Juizhaigou is on the edge of the Tibetan plateau, and culturally, is part of Tibet – but you won’t need separate visa to visit the area and national park. Expect prayer flags, yaks, stunning temples and scenes like the photographed above! It’s a bit of a hair-raising adventure to reach Juizhaigou – it is located 10 hours by bus from Chengdu on some rough mountainous roads – but it is well worth it.
Note – Jiuzhai Valley has only just reopened to visitors after the August 2017 earthquake. Parts of the park may be limited for visitors and the number of travellers each day is restricted. make sure to check current restrictions before travelling there!
Located in the South West of China, about six hours by train from the border with Vietnam, Kunming has a unique fusion of Han Chinese culture with Tibetan influences. Known as ‘The City of Eternal Spring’, Kunming is home to beautiful temples and parks, and has wonderful surrounding nature.
Check out the Stone Forest in Shilin – an easy day trip from Kunming – or the rice terraces to the south and the red fields in the north. Or catch a train or bus to the historic old town of Dali, a truly unique place in China. Yunnan is a beautiful province, and Kunming is fantastic to use as a base to explore. You can reach Kunming easily from Chengdu and from other cities in China by long-distance train; it is also only a 6 hour journey to Hekou, which is the border town with Lao Cai in Vietnam.
It’s said to be the Shangri La featured in the novel ‘Lost Horizon’ by James Hilton; Shangri La is located on the edge of Tibet in the Yunnan Province. It was originally called Zhongdian, but renamed itself for tourism purposes. Things to do include Ganden Sumtseling Gompa, a Tibetan Monastery on the outskirts of the town, various other temples and the unique atmosphere of Sifang Jie in the heart of the town.
Shangri La is located only 160 kilometres from the Tibetan border, and Tibetan visas can be arranged in the town. To reach the magical Shangri La, take a 4-5 hour bus ride from Lijang. The scenery is spectacular and the views unmissable, but remember to pack some pills if you’re prone to travel sickness!
You’ll need to visit this one on a tour, but it’s well worth it; Lhasa is the capital of Tibet, an autonomous region of China. Lhasa is famed for beautiful scenery and a copmletely unique atmosphere. It’s somewhere completely unspoilt by consumerism and pollution, and sits amongst some of the most spectacular mountains in the world.
Lhasa isn’t the easiest place to visit in China – you’ll have to apply for a Tibet travel permit and then organise your train or plane to the capital. Beware if you fly in; you’ll likely suffer altitude sickness as Lhasa sits at 3,656 metres.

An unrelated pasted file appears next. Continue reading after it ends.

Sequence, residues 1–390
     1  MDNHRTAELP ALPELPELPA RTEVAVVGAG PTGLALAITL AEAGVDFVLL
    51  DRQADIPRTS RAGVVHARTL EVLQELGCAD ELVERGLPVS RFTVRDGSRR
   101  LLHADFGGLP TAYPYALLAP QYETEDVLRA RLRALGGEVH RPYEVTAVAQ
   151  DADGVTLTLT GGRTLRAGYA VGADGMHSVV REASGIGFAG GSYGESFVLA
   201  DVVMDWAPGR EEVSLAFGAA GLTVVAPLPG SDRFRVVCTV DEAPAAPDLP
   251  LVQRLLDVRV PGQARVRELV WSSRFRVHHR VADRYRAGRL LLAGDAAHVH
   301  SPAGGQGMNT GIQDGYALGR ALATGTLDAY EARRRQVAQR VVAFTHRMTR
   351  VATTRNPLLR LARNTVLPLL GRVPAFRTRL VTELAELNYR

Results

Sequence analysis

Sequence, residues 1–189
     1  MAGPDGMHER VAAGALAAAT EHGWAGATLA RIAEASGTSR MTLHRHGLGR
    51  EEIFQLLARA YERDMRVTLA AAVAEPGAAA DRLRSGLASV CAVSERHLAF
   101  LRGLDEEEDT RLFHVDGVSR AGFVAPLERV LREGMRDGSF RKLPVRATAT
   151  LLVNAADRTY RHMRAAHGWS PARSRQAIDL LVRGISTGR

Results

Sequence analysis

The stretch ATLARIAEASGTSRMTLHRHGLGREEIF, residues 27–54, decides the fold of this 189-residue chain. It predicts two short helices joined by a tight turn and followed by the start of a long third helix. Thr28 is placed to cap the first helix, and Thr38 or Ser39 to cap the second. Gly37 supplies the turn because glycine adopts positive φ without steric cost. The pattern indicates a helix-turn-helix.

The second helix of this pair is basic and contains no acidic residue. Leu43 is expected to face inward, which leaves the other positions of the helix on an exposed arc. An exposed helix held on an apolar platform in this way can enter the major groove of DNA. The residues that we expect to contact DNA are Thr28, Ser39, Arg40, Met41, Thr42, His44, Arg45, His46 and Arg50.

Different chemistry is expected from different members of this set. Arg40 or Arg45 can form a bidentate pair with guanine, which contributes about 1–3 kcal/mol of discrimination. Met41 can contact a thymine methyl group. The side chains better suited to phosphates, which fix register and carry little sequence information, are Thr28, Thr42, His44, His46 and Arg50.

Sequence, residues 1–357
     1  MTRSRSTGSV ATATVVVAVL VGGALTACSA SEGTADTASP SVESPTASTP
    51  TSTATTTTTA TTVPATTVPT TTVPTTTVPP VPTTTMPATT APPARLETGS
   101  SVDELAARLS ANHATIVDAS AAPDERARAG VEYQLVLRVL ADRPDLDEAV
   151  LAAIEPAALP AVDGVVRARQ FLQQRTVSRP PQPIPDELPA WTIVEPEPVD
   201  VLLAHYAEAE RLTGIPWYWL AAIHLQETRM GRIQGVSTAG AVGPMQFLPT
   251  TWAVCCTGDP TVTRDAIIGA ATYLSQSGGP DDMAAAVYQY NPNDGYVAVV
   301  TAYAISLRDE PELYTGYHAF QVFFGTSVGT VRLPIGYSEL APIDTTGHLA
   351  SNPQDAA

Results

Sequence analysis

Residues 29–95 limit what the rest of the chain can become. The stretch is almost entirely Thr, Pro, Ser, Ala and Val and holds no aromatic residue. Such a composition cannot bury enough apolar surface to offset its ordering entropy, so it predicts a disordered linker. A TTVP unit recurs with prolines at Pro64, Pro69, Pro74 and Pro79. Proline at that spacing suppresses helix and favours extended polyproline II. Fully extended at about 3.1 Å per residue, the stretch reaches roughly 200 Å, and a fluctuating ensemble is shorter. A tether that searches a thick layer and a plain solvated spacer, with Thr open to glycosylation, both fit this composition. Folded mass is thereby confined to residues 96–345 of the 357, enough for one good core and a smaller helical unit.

Known as the ‘Venice of China’, Zhouzhuang is the country’s oldest water town. All houses are built on the river, and each has its own port. It’s a really pleasant place to just meander around the streets, but there are also plenty of old buildings and bridges to check out; including the twin Shide and Yong’an Bridges. The buildings date from the Ming and Qing dynasties, so there is plenty to admire here!
Geographically and culturally very similar to South East Asia, Guilin is probably most famous for the nearby Li River, which is featured on the 20 yuan note. Yangshuo is the best spot to cruise the Li River; boat tours take you around some of the best scenery and to the town itself. Within Yangshuo you can go cycling, take a Tai Chi or cooking class, or if you want to head back to the river you can bamboo raft past the town. Yangshou is a 1 – 2 hour bus journey from Guilin.
Another side trip from Guilin, the Longsheng Rice Terraces are a must-see. The green paddy fields are spectacular, and hikes in the area can take you around the fields and through local towns, each with their own distinct culture. Tours are offered to the Longsheng area, but it’s very easy to visit them independently from Guilin. They lie around a three hour bus journey away from the city and can be done as a day trip or overnight stay.
Hong Kong is and isn’t part of China; you need to go through a border crossing to get there, and you’ll notice some stark differences between the two. Hong Kong also has much more relaxed visa restrictions than China, meaning that most nationalities can visit the city visa-free.
The city and surrounding area are unique places to visit, and they’re great to see another side of Chinese culture. Highlights include the Big Buddha, Victoria Peak, exploring the Tsim Sha Tsui area and lots of shops, restaurants and nightlife. If you’re after a real adventure, stay in a hostel in Chungking Mansions and enjoy the amazing Indian food on the ground floor – a Hong Kong highlight for me!